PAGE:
When the pandemic arrived on U.S. shores in early 2020, New York was among the first areas to be hit hard – and quickly. After the bar industry in Lower Manhattan came to a standstill, many jurors mumbled that the city’s nightlife might never be the same again. It turns out they were right. A year later, the drinks scene is better than ever before. The proof is in the slope.
Let’s start at Union Square; unofficial gateway to Lower Manhattan. It has long been a hub for good food and drink (and home to one of the city’s finest farmers markets), and it feels energetic in a special way – which is especially good from the proliferation of outdoor dining along with a host of new openings.
It is not only the streets that abound, but also the roofs. Earlier this year was the neighborhood’s newest Moxy Hotel opened the stairs to his Clear roof terrace. Dense with foliage shining under hanging lights, the space is meant to reflect a mood in the backyard of the East Village. Improving the mood is an outdoor bar served by the skyline, serving classic cocktails and frozen rosé that can be combined with tacos to order from a “truck”.
For a more elegant rooftop affair, head down to SoHo to sip the night away at JIMMY-a decade-old institution. Hotspot on the 18th floor that crowns on ModernHaus has roared back to life after the pandemic, showcased a seasonal cocktail menu by bar veterinarian Johnny Swet and lifted his food offering using Michelin-starred chef George Mendes. Its pool deck, now legendary, offers wonderful views of Lower Manhattan to Midtown. Inspired drinks like Sazerac Tonic and Red Eye to Rio suit the landscape.
“There’s something about being below 23rd Street, or really 14th Street, that has always meant that a place was more at the forefront and more likely to see an audience late at night,” notes David Rabin, founder of JIMMY. “People in that circle of fashion, art and music tend to live and work in the center, eat in the center and go out in the center. And when they come to NYC to work, they stay at The Bowery or The Mercer and selfishly / hopefully now at ModernHaus. ”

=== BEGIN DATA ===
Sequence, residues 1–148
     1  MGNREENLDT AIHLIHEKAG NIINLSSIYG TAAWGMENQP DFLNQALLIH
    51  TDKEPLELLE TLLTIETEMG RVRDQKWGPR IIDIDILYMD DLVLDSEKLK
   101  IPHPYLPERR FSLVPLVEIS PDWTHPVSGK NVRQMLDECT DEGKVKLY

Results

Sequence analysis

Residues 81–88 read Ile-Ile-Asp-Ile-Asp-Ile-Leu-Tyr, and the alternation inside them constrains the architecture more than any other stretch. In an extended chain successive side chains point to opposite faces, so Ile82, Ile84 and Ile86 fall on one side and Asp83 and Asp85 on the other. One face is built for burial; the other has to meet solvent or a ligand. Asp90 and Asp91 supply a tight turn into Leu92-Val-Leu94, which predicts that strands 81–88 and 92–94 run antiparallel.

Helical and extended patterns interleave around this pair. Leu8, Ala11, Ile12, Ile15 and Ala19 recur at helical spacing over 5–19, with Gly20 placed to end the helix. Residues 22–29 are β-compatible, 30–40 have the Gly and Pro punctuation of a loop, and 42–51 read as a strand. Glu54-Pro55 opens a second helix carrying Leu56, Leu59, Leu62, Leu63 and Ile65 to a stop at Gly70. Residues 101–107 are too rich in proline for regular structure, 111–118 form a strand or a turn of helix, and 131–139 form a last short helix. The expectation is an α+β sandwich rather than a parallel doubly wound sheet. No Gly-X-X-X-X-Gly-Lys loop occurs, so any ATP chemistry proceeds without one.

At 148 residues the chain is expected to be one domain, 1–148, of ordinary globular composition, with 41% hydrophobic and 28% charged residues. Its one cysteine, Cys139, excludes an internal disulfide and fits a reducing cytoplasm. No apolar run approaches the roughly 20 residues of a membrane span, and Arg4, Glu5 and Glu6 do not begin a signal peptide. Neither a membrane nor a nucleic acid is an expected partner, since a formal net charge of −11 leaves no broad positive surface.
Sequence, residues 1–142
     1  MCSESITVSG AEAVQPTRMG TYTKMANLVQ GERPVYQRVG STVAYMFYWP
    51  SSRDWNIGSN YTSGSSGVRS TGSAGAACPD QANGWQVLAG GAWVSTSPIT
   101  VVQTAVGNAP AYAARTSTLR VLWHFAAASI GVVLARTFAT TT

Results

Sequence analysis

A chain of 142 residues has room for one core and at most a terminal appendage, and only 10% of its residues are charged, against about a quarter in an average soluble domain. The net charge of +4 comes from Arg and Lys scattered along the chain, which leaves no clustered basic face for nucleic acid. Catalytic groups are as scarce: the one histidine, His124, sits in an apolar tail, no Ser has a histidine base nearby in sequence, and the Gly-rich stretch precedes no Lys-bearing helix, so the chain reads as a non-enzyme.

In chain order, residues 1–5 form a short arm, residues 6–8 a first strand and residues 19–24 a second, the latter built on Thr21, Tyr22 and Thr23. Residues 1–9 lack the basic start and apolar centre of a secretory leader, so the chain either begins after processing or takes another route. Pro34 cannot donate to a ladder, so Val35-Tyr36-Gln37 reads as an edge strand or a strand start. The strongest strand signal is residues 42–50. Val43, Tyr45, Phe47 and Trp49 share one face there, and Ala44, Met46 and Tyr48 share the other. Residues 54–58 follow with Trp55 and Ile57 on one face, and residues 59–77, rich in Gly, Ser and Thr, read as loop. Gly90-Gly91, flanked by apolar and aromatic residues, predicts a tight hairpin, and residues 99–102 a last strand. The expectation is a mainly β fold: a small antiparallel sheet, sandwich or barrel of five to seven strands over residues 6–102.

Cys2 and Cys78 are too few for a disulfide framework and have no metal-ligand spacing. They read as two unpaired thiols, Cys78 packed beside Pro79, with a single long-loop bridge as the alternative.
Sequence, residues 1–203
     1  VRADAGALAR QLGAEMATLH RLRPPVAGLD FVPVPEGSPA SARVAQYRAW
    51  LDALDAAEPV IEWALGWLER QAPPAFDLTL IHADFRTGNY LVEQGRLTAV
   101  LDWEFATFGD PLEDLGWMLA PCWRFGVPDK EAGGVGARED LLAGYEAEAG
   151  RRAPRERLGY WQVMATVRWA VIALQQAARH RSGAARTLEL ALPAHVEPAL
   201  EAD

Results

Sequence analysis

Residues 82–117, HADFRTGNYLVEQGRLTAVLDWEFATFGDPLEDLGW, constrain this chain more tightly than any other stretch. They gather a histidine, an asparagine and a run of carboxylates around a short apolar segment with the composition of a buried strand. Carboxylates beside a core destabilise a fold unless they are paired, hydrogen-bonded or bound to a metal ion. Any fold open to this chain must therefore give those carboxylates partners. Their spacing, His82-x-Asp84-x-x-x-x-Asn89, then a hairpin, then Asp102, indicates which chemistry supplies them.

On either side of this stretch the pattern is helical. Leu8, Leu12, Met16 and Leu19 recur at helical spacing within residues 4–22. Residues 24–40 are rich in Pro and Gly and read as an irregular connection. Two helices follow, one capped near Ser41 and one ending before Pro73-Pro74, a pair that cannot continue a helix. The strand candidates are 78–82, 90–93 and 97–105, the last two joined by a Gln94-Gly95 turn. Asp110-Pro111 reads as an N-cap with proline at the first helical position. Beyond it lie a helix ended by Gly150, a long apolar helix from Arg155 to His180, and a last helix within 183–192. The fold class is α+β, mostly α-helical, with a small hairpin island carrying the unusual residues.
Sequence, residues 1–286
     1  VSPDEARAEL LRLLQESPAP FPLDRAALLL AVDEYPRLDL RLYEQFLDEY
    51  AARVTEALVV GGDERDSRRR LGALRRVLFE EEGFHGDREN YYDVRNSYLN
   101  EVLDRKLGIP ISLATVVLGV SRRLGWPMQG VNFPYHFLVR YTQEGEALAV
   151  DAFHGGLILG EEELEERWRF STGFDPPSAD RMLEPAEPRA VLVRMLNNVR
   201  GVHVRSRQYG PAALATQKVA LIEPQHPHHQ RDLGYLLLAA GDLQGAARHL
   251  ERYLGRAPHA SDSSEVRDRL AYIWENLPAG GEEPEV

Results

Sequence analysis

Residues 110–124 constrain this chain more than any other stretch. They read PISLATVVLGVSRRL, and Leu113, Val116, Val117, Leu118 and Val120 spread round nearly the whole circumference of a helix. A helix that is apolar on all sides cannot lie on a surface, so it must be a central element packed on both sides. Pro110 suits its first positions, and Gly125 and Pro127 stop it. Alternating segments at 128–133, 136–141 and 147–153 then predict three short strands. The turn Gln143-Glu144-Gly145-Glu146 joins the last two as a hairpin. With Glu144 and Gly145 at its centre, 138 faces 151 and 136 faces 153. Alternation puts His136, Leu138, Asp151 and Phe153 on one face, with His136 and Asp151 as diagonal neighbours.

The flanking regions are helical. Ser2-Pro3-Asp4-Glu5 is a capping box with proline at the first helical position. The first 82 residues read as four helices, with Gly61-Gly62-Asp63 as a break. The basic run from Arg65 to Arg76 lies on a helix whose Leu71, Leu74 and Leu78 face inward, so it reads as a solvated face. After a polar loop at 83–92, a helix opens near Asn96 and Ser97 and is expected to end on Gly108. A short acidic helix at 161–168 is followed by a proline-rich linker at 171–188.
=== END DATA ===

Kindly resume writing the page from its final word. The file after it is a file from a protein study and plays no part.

JIMMY is hardly the only established place around here that imagines itself in the wake of 2020. Death & Co, a formative modern speakeasy in the East Village, debuted sidewalk service for the first time – outside its unmarked doors on East 6th Street. Inside, the dimly lit living room is as noisy and relevant as ever.
And only two blocks north of St. Marks spills another legendary hideaway onto the streets. PDT has launched Tropical PDT, an outdoor oasis with a focus on lighter, summery sippers – like rum and juice served in coconut shells. The playful pop-up has room for guests from Friday at 17.00 for the last call on Sunday evening.
“The concept has been very popular right out of the gate,” according to PDT owner Jeff Bell. “It is as if people are making up for lost time. For the past 50 years, St. Marks Place has always been a magnet with its funkiness, especially for the younger set who want to be out and about. This is especially true these days. ”
Even the restaurants around here enjoy the power –Electric Burrito serves as a good example. Opened earlier this year, the San Diego-themed takeaway is already a fixture among late night bar-goers. They line up in droves, lured by whimsical, protein-filled tortillas that wrap the size of their forearms.
Not to be outdone, the West Side of Lower Manhattan offers its own electricity. “From my perspective, I see Downtown, especially Greenwich Village, more alive and vibrant than ever before,” says Nico de Soto Mace– an award-winning bar that recently abandoned the East Village, following a Western address. “The village has always been a vital part of NYC with all its shops, boutiques, bars and restaurants as well as cultural offerings. But outdoor seating has been an incredible silver lining of COVID. We were quick to respond with our own outdoor enclosure, which our guests really love. ”
The bar expanded its culinary offerings to include seafood dishes as well as vegan dishes. However, one of the biggest draws has been a number of eccentric frozen compositions, especially Wasabi + Cilantro – a slightly blissful setting for Miami Vice. Further west, stalwarts like Dante West Village and Katana Killing uses the same comfort for expert effect.
While there is always uncertainty, drink fans in Lower Manhattan are fully aware of – and appreciate – this golden era. “By focusing on fun experiences, we give New Yorkers a much-needed place to relax and connect,” de Soto adds. Who will not drink to it?